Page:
Skip Navigation

Neuromodulation Banner

Laboratory of Neuromodulation and Behavior


Welcome to Dr. Gary Aston-Jones's Laboratory of Neuromodulation and Behavior Web Site.

Neuromodulation image

Our lab studies brain function at the level of neuronal circuits and systems that underlie specific behaviors. Our main interests revolve around neuronal circuits that underlie motivated behavior and reward-based learning and memory. We have two major research programs that use a variety of techniques: addiction and cognitive neuroscience.


Our program of addiction research investigates the neural circuitry underlying the vulnerability to relapse and enhanced drug craving that occurs during protracted abstinence from chronic drug exposure.  Most recently, we have explored the role of catecholamines and the neuropeptide orexin in these phenomena using the conditioned place preference and self-administration paradigms.  Current projects include:  a) determining the relevant neural inputs to and output targets of the orexin system during the expression of a conditioned place preference for cocaine or morphine, in rats that are drug na├»ve or have undergone dependence and protracted abstinence (tract tracing, microinjections, CPP, Fos staining), b) investigating the role of the orexin system and interrelated circuitry in cue- and drug prime-elicited reinstatement of drug- and food-seeking following chronic self-administration (self-administration, local microinjections, tract tracing, Fos staining), and c) studying the therapeutic potential of modafinil for cocaine and opiate addiction (CPP, self-administration).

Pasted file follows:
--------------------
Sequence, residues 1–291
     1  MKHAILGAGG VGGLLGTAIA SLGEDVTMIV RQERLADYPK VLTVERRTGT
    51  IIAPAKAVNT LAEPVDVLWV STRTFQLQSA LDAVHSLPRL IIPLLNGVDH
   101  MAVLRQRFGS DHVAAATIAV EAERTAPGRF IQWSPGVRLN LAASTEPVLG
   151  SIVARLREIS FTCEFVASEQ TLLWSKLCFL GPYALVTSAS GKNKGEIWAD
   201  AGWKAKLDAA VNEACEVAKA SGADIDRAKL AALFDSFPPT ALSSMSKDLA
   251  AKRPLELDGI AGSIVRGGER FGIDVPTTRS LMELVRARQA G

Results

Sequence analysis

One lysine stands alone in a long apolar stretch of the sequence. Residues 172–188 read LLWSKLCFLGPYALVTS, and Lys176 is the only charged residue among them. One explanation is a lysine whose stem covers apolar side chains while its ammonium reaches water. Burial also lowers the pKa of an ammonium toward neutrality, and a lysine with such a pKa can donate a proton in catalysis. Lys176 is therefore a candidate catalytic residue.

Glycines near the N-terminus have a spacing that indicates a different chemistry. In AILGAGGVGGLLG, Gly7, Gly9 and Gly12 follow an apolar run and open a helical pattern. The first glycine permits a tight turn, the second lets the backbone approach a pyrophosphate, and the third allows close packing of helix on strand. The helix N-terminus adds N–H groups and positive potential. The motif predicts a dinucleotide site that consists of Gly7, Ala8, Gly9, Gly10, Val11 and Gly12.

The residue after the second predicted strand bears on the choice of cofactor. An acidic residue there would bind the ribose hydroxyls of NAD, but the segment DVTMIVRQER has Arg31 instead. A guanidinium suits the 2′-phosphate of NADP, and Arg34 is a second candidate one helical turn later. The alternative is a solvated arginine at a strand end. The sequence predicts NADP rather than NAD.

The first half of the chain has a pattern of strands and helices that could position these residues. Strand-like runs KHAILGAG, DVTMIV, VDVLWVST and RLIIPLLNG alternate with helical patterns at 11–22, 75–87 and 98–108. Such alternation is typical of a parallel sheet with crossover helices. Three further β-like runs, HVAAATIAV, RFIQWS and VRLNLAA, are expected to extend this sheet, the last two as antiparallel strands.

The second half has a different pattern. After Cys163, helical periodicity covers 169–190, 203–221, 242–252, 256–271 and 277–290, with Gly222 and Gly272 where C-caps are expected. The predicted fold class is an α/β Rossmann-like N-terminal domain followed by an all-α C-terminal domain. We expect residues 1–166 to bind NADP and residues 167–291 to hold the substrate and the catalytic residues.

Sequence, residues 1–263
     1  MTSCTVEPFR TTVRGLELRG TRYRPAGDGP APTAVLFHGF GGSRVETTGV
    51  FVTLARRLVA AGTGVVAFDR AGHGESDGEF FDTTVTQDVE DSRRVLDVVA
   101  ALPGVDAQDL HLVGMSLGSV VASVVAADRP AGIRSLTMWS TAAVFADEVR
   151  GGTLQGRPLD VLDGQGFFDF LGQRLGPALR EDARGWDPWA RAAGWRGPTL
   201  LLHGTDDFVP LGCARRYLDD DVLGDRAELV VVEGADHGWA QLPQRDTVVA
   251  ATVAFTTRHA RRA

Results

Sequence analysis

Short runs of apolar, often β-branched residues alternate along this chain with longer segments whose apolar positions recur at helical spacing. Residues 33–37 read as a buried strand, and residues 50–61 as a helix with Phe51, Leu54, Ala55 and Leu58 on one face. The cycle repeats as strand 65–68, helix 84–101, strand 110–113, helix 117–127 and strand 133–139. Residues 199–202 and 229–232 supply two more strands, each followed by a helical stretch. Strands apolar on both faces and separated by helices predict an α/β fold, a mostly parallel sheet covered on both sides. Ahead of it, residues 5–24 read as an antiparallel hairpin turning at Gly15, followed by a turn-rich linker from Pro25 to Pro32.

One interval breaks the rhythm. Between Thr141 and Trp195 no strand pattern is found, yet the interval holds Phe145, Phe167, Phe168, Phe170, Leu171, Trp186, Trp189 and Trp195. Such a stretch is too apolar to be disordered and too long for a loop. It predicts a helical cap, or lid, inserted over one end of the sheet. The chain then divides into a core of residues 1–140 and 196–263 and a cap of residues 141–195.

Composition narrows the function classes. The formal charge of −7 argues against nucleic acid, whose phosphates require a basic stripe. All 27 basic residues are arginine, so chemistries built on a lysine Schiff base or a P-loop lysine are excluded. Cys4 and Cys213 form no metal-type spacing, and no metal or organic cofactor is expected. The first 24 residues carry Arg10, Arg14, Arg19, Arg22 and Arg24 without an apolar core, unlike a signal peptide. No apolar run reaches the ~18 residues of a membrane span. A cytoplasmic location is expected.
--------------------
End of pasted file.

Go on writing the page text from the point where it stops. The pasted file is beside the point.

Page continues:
In addition to direct studies of drug use, we are also interested in better characterizing the neural circuits that may interact with the orexin system in the promotion of reward-seeking behaviors.  Current projects in this vein include investigating the relationship between the orexin system and the dopamine system of the ventral tegmental area using single-neuron electrophysiology combined with pharmacological manipulations.

Neuromodulation image Cognitive Neuroscience

Our cognitive neuroscience research focuses on behavioral control, broadly defined.  Current research projects investigate the role of the locus coeruleus and related areas (such as frontal cortical regions) in attention, decision-making, response inhibition, and learning.  These studies primarily employ simultaneous unit recordings from multiple sites in brains of rats performing behavioral tasks that address these and related cognitive processes. Future studies will also involve recordings from orexin neurons in hypothalamus, dopamine neurons in ventral tegmental area, and related regions. Techniques employed in these studies include behavioral electrophysiology, neural microstimulation, regional inactivation, and systemic pharmacological manipulations.  These techniques are combined with sophisticated cognitive tasks designed to better understand the neural underpinnings of cognitive phenomena.

Our cognitive neuroscience research is also relevant to our research in addiction, as much of addiction involves changes in neural circuits that underlie attention, decision-making, response inhibition, and learning. One goal is to use our cognitive neuroscience approach to better understand the neural substrates that underlie such cognitive elements in addiction and drug abuse.


Self-administration (food and drug), cognitive testing, conditioned place preference, intracerebral microinjections in behaving animals, neural tract tracing (CTb, WGA) including trans-synaptic tracing (PRV), immunohistochemistry for a variety of transmitter and IEG molecules, single-neuron electrophysiology (both anesthetized and behavioral), local drug application onto recorded neurons from multibarrel pipettes in anesthetized animals, microstimulation (electrical and chemical), regional inactivation.

A particularly exciting new technology being used is cell-type specific neuronal gene transduction using viral vectors, where viruses that are injected in vivo into specific brain areas can insert genetic material into neurons so that only neurons of a specific type (eg, orexin neurons) express novel proteins that allow subsequent manipulation of these cells by optical or pharmacological means.

All studies are in rats, though future studies in mice are possible.